CHARLOTTE, N.C. -- NASCAR driver Denny Hamlin said Tuesday he's been working with a well-known sports psychologist in an attempt to improve his attitude and outlook.
Hamlin has been in a miserable slump since the penultimate race of last season, when poor fuel mileage at Phoenix figured heavily in his failure to wrest the championship away from Jimmie Johnson. Although he was still the points leader heading into the final race of the year, he had a poor weekend and Johnson won his fifth consecutive title.
Many have speculated he's not been the same on or off the track since the Phoenix race, and Hamlin admitted Tuesday he struggled with the pressure of the championship race.
Now he's working with Bob Rotella, a noted psychologist who has worked with several PGA golfers over the years. Hamlin believes he's learned things from Rotella that could have made a difference last season.
"I've been working with a guy who has been working on my attitude and outlook," Hamlin said. "I feel like if I would have known then what I know now, about how to treat each weekend, having fun doing what I'm doing, then I would have been much better off."
Rotella has worked as a consultant for athletes in almost every professional sport, and Darren Clarke credited the psychologist after winning this year's British Open.
Hamlin was initially reluctant to elaborate on whom he was working with, but eventually revealed it was Rotella and he had been referred to him by team owner Joe Gibbs. He did not say how long he's been working with Rotella.
But he was in much better spirits Tuesday during an appearance at the NASCAR Hall of Fame than he's been in some time. He was loose and laughing, and acknowledged he's seemed distant and moody this year.
"You've got to understand, you could see me just walking through the garage and hang (my) head and be embarrassed," Hamlin said.
He was referring to what likely will go down as the worst season of his career. He's got just one victory and is ranked 12th in the Chase for the Sprint Cup championship field. He also needed a strong final month of the regular season to earn a wild-card berth into the Chase.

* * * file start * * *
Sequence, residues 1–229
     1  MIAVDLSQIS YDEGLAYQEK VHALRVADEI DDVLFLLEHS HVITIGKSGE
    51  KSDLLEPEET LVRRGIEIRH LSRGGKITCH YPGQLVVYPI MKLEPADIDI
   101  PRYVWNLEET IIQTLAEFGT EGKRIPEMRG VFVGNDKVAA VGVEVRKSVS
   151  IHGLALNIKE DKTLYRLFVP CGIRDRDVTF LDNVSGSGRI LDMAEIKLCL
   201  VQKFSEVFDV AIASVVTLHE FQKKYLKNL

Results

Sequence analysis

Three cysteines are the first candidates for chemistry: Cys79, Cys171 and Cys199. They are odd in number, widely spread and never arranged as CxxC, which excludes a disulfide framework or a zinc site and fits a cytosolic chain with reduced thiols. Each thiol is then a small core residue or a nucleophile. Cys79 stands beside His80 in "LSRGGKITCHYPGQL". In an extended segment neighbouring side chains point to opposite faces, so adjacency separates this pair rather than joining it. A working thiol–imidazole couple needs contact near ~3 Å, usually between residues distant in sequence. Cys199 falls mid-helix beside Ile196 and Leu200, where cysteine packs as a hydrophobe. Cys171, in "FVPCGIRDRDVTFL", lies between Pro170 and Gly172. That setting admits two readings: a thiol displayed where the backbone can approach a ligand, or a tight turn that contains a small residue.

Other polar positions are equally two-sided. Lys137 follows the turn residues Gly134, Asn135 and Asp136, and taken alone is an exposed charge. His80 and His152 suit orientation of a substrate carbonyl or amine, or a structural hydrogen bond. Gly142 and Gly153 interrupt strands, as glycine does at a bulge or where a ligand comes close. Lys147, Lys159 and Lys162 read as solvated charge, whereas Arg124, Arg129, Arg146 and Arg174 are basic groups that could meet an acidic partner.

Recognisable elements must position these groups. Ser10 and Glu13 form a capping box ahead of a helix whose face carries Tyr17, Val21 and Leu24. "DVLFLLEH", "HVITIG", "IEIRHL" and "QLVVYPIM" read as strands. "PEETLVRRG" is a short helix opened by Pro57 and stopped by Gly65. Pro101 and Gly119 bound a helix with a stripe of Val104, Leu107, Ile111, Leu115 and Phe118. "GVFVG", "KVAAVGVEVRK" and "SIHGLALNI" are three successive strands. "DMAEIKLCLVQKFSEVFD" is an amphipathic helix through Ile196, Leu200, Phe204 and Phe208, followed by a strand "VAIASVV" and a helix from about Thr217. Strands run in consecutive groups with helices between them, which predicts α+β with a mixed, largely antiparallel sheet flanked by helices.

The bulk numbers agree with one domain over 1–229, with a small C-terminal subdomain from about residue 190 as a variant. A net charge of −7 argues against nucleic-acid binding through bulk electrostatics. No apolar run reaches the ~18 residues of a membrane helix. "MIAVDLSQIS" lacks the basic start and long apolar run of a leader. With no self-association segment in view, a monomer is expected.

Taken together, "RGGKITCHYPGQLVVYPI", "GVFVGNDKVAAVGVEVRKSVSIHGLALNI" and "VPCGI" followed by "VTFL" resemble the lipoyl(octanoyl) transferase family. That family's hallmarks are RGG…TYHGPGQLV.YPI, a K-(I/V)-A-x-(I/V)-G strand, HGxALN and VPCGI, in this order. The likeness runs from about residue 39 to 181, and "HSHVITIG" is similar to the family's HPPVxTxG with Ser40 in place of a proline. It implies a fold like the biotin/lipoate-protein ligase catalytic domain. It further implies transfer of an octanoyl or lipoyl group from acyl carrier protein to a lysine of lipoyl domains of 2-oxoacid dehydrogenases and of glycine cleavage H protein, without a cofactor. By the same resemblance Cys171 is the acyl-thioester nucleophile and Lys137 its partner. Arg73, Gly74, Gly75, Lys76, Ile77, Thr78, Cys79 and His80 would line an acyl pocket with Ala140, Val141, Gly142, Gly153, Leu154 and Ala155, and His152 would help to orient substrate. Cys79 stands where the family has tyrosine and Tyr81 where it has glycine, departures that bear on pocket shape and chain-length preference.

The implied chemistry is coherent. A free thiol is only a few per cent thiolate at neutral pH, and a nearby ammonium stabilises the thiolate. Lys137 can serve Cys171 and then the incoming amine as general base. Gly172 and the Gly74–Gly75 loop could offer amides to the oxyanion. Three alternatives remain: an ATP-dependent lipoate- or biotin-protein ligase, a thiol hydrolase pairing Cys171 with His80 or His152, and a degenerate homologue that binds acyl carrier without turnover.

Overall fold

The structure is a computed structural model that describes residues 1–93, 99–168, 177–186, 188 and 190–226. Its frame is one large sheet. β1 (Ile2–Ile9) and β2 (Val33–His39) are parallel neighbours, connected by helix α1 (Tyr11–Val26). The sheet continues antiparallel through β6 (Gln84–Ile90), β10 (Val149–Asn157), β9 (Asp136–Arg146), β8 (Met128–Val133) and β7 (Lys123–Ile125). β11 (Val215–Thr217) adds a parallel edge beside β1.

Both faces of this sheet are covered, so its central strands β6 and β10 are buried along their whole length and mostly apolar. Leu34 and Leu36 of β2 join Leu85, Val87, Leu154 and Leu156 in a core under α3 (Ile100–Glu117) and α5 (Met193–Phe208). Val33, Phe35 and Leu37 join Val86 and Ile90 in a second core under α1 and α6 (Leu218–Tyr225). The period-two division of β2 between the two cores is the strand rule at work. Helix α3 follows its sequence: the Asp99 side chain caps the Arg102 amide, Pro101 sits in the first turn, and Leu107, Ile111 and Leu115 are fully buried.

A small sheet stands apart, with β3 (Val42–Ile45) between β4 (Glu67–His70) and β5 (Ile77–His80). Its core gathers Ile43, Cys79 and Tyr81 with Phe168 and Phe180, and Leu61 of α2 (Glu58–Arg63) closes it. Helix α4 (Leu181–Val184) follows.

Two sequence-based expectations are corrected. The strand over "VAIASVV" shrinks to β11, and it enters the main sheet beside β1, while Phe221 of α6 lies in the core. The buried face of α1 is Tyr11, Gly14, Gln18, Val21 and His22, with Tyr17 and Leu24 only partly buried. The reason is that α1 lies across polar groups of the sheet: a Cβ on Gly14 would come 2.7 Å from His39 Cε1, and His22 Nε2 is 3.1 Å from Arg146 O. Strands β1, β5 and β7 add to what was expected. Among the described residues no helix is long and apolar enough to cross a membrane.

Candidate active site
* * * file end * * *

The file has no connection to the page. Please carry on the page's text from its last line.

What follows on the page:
It's a far cry from the driver who won eight races last season and took a 15-point lead over Johnson into the finale. A 14th-place finish at Homestead cost Hamlin the title, by 39 points to Johnson. No one has doubted that defeat was embarrassing for Hamlin and has been difficult for him to overcome.
He said Tuesday he didn't even enjoy his title hunt last year.
"I felt like last year I didn't have a whole lot of fun," Hamlin said. "I put so much pressure on myself to run a specific position every single race and I had a plan and executed. It almost worked, but I didn't have fun.
"When I get back to that situation, and, hopefully, it's next year, I'll be able to apply those things. I've got to treat each race as the same amount of importance as the previous one and the one that goes after that. I've talked to someone who is really, really smart and knows a lot about sports and how it works. Each race I've got to treat with the same importance. I can't build myself up to believe that one race is bigger than the next."
The start of the Chase two weeks ago gave him a fresh start, but a poor run in the opener at Chicago put him in a deep hole few thought he could recover from. His Joe Gibbs Racing team gambled on fuel last week at New Hampshire, and had it worked, Hamlin would have stolen a top-five finish that could have started his climb from the bottom of the Chase standings.
Instead, he ran out of gas, finished 29th and now trails leader Tony Stewart by a seemingly insurmountable 66 points. But he defended crew chief Mike Ford's strategy, and said Ford has been unfairly blamed for the No. 11 team's struggles this year.
"It's on him as much as it's on me, but he faces a lot of scrutiny, some of it unjust," Hamlin said. "It's just one of those years where you just can't get some momentum and get it rolling."
Now, perhaps because of advice he's received from Rotella, Hamlin said he's focused on getting his team turned around and back into Victory Lane.
"I am more motivated to win races now than I was if I was in the championship battle," he said. "I just want to go out and win at this point, and I feel like not having the pressure of a championship on my back will help me do that."